Despite progressive objections, officials with corporate ties slide into incoming Biden administration
Andrew Trunsky, DCNF
President-elect Joe Biden has tapped multiple corporate executives to fill various government openings over the objections of numerous progressive organizations.
Groups including Demand Justice, Public Citizen and the Sunrise Movement urged Biden in a November letter to “decline to nominate or hire corporate executives, lobbyists and prominent corporate consultants,” referencing Democrats’ staunch opposition to similar nominations from President Donald Trump.
“The [corporate-government] revolving door limits the trust Americans have in government and has time and time again led to bad policy outcomes,” the letter adds. “We urge you to take advantage of this unique and historic moment in American history to shut the revolving door and rebuild that trust.”
Biden’s advisory team helping his transition with White House’s Office of Management and Budget, however, includes executives from Amazon Web Services, Lyft, Airbnb. Additional advisors have ties to WestExec Advisors, a corporate consulting firm co-founded by Antony Blinken, his nominee for secretary of state, and Michèle Flournoy, who was floated as a possible secretary of defense.
“This puts us at a state of high alarm,” Jeff Hauser, who runs the Revolving Door Project, a group dedicated to limiting the appointments of lobbyists and corporate executives in government, told The New York Times in November.
A spokesman for Citizens for Responsibility and Ethics in Washington did not immediately respond to a request for comment.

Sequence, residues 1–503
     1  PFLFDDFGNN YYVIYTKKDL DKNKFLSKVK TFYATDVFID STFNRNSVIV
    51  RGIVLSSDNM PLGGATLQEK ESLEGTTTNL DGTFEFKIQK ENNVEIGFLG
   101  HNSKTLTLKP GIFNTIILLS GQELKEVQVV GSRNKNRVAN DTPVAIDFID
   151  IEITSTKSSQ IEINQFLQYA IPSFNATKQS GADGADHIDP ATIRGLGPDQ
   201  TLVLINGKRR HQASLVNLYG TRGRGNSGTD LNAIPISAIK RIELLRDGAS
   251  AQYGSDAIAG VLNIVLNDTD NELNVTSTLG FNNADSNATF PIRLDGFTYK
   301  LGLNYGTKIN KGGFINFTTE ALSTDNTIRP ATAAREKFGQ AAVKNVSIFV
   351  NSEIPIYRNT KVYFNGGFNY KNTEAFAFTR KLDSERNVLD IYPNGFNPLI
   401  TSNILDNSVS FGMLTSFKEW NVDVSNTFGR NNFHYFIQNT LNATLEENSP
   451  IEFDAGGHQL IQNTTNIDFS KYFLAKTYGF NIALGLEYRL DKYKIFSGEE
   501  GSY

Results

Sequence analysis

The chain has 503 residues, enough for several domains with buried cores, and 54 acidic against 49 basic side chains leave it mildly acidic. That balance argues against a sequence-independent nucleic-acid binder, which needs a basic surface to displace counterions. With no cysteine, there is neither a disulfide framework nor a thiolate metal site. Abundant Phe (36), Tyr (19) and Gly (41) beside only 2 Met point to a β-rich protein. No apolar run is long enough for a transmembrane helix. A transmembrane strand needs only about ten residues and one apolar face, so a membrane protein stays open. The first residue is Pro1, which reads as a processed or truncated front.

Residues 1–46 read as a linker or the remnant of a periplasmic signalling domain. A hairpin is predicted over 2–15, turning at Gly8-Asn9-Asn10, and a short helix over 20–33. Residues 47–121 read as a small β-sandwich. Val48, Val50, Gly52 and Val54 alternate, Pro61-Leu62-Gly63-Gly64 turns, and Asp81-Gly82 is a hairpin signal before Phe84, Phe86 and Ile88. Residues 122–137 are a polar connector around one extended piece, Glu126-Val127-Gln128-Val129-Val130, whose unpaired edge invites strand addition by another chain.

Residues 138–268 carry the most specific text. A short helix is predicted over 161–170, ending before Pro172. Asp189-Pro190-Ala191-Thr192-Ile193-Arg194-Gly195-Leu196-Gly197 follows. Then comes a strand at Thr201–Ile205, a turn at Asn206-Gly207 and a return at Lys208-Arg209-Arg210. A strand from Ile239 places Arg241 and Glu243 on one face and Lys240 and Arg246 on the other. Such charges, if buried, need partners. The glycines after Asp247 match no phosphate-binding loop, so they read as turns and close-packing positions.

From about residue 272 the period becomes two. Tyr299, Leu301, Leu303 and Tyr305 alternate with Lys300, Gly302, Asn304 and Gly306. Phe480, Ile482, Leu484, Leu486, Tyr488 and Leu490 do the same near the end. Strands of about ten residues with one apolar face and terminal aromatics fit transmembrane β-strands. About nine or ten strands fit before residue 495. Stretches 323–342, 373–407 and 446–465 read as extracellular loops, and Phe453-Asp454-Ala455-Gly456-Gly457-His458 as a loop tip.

In addition to the corporate influence at OMB, Steve Ricchetti, one of Biden’s top White House advisors and a longtime aide, also has strong ties to Amazon and its federal lobbying efforts. The company recently hired his brother, Jeff Ricchetti, to lobby on COVID-19 and the implementation of the CARES Act, according to its disclosure forms.
The two co-founded the lobbying firm Ricchetti Inc. in 2001 after Steve Ricchetti left President Bill Clinton’s administration, where he served as deputy chief of staff.
Steve Ricchetti and Blinken, whose private-sector work is omitted from his biography on the Biden transition site, are not the only figures in the incoming Biden administration with corporate ties. Ron Klain, Biden’s incoming chief of staff, worked with AOL founder Steve Case in venture capital and warned about the impact government regulation can have on technology start-ups in a 2015 op-ed.
Despite the ties between his developing administration and corporations, Biden took an aggressive stance against lobbyists and special interests during the campaign, pledging to reduce the influence of money in politics, heighten ethical standards, rein in financial conflicts of interest in the Executive Branch and more.